Fungicides, rotation and diversity keep peanut disease in check

From Delta Farm Press

Rainfall is a blessing most of the time for dryland peanut farmers along the Mississippi Gulf Coast, but it can also be a curse for fighting peanut diseases. For peanut producer Steve Seward, crop rotation, diversity and a strong fungicide program help keep disease in check and yields consistently high.

Seward, who farms with his father, Bud, produces 4,600 acres of cotton, corn, peanuts, wheat, oats and ryegrass and grazes cattle in Jackson County, about 25 miles north of the coast and just west of the Alabama/Mississippi state line. Steve’s mother, Rita, manages the office.

Most of the crops on Seward Farms are rotated to manage disease, and many are double-cropped. “We’ll grow wheat, oats and ryegrass in the winter, and then follow them with cotton or peanuts in the summer,” Seward said.

The Sewards started growing peanuts in 2002 with the phase out of the quota system for peanuts, and now devote about 2,300 acres to the crop. Over the last dozen years, “Peanuts have been a good crop for us,” Seward said.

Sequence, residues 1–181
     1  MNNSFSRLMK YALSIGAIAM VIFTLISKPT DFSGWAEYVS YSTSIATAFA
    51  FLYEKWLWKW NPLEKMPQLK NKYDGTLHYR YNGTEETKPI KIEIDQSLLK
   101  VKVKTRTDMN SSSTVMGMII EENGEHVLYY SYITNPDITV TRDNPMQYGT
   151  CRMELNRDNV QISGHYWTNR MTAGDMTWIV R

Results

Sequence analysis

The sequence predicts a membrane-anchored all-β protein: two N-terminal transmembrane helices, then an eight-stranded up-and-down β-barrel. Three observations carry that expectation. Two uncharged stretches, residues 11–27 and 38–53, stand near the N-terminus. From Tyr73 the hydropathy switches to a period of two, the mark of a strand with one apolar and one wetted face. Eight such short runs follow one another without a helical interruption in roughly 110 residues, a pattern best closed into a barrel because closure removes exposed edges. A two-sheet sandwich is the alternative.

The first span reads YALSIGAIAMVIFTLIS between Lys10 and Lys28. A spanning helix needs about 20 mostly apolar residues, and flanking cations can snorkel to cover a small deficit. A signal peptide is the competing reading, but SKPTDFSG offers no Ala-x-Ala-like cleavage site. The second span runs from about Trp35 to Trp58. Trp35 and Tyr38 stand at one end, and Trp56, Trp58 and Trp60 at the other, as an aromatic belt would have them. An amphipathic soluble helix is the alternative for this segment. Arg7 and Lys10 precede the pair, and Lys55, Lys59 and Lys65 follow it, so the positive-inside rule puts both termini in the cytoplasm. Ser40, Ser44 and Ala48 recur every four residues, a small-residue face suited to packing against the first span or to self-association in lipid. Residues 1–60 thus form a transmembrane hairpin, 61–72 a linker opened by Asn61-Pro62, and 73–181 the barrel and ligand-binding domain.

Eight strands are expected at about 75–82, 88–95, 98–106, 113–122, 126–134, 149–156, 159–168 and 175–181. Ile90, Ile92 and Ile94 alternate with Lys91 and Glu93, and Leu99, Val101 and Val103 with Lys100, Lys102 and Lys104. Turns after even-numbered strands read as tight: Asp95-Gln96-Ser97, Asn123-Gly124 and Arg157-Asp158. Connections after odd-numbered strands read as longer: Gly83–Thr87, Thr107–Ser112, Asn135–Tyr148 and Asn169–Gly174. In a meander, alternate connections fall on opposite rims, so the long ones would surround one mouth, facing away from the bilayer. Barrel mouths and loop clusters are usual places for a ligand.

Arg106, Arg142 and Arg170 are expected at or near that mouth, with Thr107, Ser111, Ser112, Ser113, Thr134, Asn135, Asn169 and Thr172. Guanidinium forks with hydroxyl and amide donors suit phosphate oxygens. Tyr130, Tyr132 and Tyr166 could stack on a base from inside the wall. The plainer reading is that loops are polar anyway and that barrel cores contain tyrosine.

Peanuts have been good to other producers in Mississippi as well. According to USDA, harvested peanut acres in Mississippi increased from 14,000 acres in 2011 to 47,000 acres in 2012, thanks to expansion in the Mississippi Delta and northeast Mississippi. According to USDA’s Prospective Plantings report, Mississippi producers intended to plant 45,000 acres this spring.

The expansion was accompanied by new buying points for peanuts, which in turn has helped the peanut industry stabilize. That goes for on-farm infrastructure as well, according to Seward.

“Generally, any farmer getting into the peanut industry will have to acquire a lot of equipment specific to peanuts. So when you get there, you’re there,” said Seward, who also serves on the board of the Mississippi Peanut Growers Association.

Read the rest of the story at Delta Farm Press.

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